Getting my kids to listen is perhaps my least favorite part of parenting.
Of course, the problem isn’t me, it’s my kids, right? They're defective? And I'm actually eligible for a refund?
As soon as I imagine asking others for advice on how to manage uncooperative children – the nerve! – I realize that the problem is me. The problem is nagging.
I hate it that the problem is always me!
I know what I need to do. I need to stop asking multiple times. And I know I need to change how I ask.
So, for example, I want Amelie to get into her bathing suit (we were on vacation last week). I need to not yell instructions to her from a different room as I am busily packing the beach bag. Even though that feels a lot more convenient in the moment.
No. I need to stop what I am doing. Walk into the room where she is. Go over to her. Touch her if she’s distracted, and wait until I have her attention. I’ll know when I have it because I’ll have eye contact. (Pro-tip – turn off all electric screens before attempting this.)
Once I have Amelie’s attention, tell her, “Amelie I need to you to put on your bathing suit.”
If she says okay and gets to work, consider myself lucky.
If she says no, consider brokering a deal, “Okay, two more minutes and then you’ll put on your bathing suit?” If she accepts, set an audible timer and prepare to come back in two minutes to enforce the time limit.
If that fails, then I need to be the adult in the situation. I hate that.
So then I need to say, “Amelie, it looks like you need help getting your bathing suit on, so I am going to help you.”
Then I need to physically take charge of her body getting into her bathing suit, just like I would with an infant. It’s not her fault and it’s not a punishment. I shouldn’t be operating in anger. (A bit of frustration is okay!) Ideally, I can keep in my mind that her prefrontal cortex is not fully functional yet and so I am basically operating her underdeveloped frontal lobe for her right now.
The good news is that if I do this consistently – only asking ONCE, no nagging at all! – she will start to take me more seriously and is more likely to comply with my request in the first place.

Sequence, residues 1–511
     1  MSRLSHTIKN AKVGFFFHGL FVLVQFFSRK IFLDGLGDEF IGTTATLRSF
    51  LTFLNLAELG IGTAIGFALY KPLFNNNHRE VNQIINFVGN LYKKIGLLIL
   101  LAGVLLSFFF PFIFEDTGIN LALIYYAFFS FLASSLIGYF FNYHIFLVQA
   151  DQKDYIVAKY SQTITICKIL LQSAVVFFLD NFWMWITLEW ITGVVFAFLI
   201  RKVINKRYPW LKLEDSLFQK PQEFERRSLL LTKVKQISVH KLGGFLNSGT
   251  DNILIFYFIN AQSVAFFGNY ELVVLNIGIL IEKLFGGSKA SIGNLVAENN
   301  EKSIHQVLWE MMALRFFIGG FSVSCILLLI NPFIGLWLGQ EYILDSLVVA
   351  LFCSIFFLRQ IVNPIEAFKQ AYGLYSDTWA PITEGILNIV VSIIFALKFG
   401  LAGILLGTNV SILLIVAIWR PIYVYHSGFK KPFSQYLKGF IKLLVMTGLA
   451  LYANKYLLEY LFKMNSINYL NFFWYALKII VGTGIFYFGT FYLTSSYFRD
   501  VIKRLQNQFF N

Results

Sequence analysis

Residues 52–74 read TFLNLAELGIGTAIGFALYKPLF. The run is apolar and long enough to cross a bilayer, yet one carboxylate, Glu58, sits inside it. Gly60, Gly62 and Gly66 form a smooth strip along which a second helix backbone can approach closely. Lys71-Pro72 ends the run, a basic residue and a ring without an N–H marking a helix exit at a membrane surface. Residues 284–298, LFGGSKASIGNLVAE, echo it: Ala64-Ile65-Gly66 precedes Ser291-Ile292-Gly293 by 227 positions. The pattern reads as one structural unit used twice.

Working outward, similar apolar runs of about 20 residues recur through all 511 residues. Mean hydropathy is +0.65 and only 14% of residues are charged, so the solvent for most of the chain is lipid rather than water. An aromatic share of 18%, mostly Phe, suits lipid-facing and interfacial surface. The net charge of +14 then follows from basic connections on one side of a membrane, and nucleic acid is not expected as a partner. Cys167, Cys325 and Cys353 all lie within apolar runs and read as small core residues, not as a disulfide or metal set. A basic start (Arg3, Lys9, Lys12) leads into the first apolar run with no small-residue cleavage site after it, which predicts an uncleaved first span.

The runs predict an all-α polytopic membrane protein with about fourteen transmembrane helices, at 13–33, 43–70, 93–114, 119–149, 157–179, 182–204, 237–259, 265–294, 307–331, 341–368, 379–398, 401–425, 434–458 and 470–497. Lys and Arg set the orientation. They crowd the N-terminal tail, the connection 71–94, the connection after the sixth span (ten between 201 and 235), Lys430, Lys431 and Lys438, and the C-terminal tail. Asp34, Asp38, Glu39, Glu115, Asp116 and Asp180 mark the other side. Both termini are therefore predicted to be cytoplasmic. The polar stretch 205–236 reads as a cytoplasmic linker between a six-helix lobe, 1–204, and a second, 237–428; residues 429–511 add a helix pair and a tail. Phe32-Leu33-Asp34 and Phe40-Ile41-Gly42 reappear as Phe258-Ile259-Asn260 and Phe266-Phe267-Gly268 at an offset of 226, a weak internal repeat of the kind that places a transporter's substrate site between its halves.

Talking about this with a friend whose 9-year-old was frustratingly noncompliant, she argued with me, “but I don’t WANT to help her get ready. A nine-year-old should be able to get herself ready on her own!”
Yup. I hear you. Both these options suck. She should be able to get ready on her own.
But the fact is, she isn't.
Do you know that expression, "she isn't giving you a hard times, she's having a hard time?"
She’s showing you she isn’t, actually, able to right now, no matter how much she "should" be able to. No matter what her age. Kids show us what they are able to do. And their abilities change minute to minute, day by day. Arguing with reality – that she should be able to do something – is only going to make my friend more frustrated.
So we have a choice. We can nag or we can help get the job done. They both take energy.
The first choice might take less physical labor but it’s only teaching our children to ignore us until we get angry. Over time, this teaches them to ignore us and also chips away at our bonds.
The second choice takes more energy in the short term but it’s a lot less maddening – once we do our thought work and remind ourselves “she would do better if she could, so clearly she can’t” – and in the long run, is actually increasing our odds of cooperation the next time.
The choice seems obvious but it doesn’t mean it’s easy. Take it from me. I’ll report back in a few weeks on how it’s going in my house!
If you'd like help getting back on your parenting game -- let's face it, we all need a reset from time to time -- schedule a free consult. We can talk everything from sleep to feeding to positive discipline.
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Abby Wolfson is a pediatric nurse practitioner, certified child sleep consultant and certified life coach for parents. She divides her time between Brooklyn, NY and San Miguel de Allende, Mexico.